Next year we celebrate many anniversaries and key dates, including the 100th anniversary of the National Park Service Act, and the Presidential and Congressional elections in November. But, 2016 is also the 20th anniversary of Congress passing the Telecommunication Act of 1996, which governs communications rules, policy and laws. It would be impossible to list all of the new technologies that have been discovered, created, installed and used since 1996, especially in the electronic security industry for residential and commercial customers. The 1996 statute has been overtaken by technological and market developments, especially in the convergence of voice, video and data services centered around advancements in internet technologies.
Twenty years ago there were no cable-telephone or VoIP interconnected subscribers and only 45 million wireless subscribers and no wireless internet connections. After the 1996 “battles” with the long distance companies and their proposed entrance into the alarm industry(most notably AT&T), the Alarm Industry Communications Committee (AICC) was created during these Congressional “fights’ on behalf of the industry. AICC is still very active and very involved on a daily basis in communications policies that impact life safety alarm and monitoring companies around the United States. ESA is an active and involved member of AICC.
ESA supports AICC in its presentations to the FCC on behalf of the industry and unites with monitoring companies and other industry representatives to present to US House and US Senate members and staffs our concerns on the issues impacting the business operations in the changing telecom environment.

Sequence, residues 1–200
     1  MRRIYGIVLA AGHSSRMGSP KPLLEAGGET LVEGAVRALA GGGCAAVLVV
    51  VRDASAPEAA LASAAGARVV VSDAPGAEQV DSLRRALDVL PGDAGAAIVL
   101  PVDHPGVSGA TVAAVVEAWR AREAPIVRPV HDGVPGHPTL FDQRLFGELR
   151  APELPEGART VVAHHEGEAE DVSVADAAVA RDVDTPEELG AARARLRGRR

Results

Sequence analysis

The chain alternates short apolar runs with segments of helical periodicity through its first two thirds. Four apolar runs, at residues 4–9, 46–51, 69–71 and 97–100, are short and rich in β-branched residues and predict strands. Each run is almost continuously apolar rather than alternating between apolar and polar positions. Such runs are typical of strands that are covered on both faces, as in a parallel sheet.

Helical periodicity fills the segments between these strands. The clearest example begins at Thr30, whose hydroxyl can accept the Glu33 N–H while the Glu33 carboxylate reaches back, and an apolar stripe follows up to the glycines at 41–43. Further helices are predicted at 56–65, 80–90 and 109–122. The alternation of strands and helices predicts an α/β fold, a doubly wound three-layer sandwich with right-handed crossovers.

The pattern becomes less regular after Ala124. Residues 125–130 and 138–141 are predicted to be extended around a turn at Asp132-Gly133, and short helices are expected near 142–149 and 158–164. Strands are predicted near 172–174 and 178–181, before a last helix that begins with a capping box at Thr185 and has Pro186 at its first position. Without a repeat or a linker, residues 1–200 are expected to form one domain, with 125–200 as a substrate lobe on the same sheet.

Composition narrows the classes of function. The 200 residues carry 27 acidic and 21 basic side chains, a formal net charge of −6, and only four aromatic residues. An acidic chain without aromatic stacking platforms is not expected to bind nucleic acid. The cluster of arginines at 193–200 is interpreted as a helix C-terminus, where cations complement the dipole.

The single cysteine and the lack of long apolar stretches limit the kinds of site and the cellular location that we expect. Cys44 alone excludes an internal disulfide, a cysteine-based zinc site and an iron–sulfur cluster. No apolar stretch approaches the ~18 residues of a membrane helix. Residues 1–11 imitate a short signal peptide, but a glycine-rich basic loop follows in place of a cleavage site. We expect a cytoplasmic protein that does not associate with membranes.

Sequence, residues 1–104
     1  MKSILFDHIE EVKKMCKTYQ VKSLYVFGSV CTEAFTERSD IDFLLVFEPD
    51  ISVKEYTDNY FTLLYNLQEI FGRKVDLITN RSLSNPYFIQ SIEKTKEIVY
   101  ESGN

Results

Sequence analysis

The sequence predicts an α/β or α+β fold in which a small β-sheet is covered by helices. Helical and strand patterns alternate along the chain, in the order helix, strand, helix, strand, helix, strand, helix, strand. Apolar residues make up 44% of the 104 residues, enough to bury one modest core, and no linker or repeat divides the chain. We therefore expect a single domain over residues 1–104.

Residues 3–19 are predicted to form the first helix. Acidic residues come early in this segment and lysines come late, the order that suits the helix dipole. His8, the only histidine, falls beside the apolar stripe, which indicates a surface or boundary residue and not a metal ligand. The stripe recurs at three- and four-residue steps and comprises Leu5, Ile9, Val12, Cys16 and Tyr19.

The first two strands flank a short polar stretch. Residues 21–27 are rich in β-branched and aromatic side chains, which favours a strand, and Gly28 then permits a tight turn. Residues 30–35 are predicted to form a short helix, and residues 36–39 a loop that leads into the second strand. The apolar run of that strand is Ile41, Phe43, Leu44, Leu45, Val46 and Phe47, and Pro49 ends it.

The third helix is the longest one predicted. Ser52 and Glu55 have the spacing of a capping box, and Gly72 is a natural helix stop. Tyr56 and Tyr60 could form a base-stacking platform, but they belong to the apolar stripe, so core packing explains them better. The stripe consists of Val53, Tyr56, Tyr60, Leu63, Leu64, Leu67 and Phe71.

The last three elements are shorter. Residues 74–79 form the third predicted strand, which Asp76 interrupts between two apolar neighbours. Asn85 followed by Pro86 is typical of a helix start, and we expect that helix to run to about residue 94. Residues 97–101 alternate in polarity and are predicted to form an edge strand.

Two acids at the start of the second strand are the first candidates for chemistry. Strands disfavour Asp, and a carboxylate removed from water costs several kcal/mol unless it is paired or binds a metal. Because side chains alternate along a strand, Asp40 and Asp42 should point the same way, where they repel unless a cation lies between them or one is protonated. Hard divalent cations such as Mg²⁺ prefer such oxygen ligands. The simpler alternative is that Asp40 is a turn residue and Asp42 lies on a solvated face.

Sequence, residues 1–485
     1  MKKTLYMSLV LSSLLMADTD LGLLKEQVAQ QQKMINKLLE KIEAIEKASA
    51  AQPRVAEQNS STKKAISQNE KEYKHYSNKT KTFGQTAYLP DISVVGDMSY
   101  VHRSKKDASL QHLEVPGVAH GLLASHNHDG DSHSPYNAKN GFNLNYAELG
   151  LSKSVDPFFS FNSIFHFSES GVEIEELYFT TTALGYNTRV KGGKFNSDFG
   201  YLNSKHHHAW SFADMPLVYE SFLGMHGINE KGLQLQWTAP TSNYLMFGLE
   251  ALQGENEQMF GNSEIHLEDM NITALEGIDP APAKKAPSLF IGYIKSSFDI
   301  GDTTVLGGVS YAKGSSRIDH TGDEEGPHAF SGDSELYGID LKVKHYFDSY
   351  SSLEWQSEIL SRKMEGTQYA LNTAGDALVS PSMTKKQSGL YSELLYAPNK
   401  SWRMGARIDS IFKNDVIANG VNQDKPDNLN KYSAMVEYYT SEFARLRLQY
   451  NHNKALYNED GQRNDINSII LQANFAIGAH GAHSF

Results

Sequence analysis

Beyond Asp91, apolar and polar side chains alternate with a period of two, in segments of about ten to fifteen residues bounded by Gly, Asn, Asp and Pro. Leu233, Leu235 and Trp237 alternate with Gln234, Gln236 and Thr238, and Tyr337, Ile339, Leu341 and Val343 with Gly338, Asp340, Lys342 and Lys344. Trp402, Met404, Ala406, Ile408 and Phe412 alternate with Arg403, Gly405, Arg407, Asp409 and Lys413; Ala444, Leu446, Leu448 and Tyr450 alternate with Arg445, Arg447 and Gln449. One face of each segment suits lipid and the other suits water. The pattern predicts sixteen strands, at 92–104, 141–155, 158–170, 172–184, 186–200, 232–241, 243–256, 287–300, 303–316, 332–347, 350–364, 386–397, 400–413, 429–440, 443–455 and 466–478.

ESA recently visited with the highest officials at the FCC and with members of Congress to present one very key position on the reliability of new technologies. Immediate Past President John Knox came to Washington, DC to make the rounds on this and other key issues.
Knox made the important point (presented by AICC in their Oct. 26,2015 comments to the FCC) that when there is a discontinuance of existing services to customers based on newer technologies, that service must be reliable, must work at the same or greater capacity as the existing service and afford the same reliability, “…routed to the correct location, connections are completed, connection quality does not deteriorate under stress and connection setup does not exhibit noticeable latency….that performance based standards to ensure communications paths, including VoIP paths, are reliable, robust and provide a standard of measurable quality.”
AICC and ESA have pointed out to the Congress and the FCC that in this rush to approve new technologies alarm signals must be properly transmitted without interruptions, especially when alarm signals from a customer’s premises to the central station are not being completed. John Knox emphasized in these meetings that this was a serious matter and one that impacts lives and property. AICC and ESA with others in the industry are concerned about a variety of issues that will come before the FCC and Congress in the coming year. These include copper retirement rules, the length of time for battery backup on standby power supply capacity for communications equipment and to provide reliable methods to explain battery backup to the elderly and other consumers, and the impact of security design and operation of an IP Network that has cybersecurity standards that will not expose consumers to higher risks.
ESA has also voiced its opinions to the FCC and Congress on competition. As ESA said in its comments to the FCC earlier this year, "we are not against new technology, nor are we opposed to innovative communications…we cannot afford to experiment when lives are at stake,” and therefore urged the FCC to slow down their copper retirement and transition from new VoIP technology unless there was extensive, testing and validation by manufacturers and ISP’s for any technology that seeks to impact the communications method used by the electronic life safety and security industry.
Starting in 2016 there will be continued FCC rules and regulations presented for AICC and ESA to consider. There will also be Congressional hearings, Congressional legislation and proposed policy initiatives. Get ready to assist the industry when called upon to help.